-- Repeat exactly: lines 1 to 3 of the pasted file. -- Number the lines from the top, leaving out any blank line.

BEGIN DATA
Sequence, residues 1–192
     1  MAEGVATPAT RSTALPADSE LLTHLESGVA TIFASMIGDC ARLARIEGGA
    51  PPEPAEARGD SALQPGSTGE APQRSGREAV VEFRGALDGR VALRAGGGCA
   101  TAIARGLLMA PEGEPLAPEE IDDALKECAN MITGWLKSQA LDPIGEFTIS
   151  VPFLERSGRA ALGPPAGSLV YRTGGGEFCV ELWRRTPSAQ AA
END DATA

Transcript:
Sequence, residues 1–192
     1  MAEGVATPAT RSTALPADSE LLTHLESGVA TIFASMIGDC ARLARIEGGA
    51  PPEPAEARGD SALQPGSTGE APQRSGREAV VEFRGALDGR VALRAGGGCA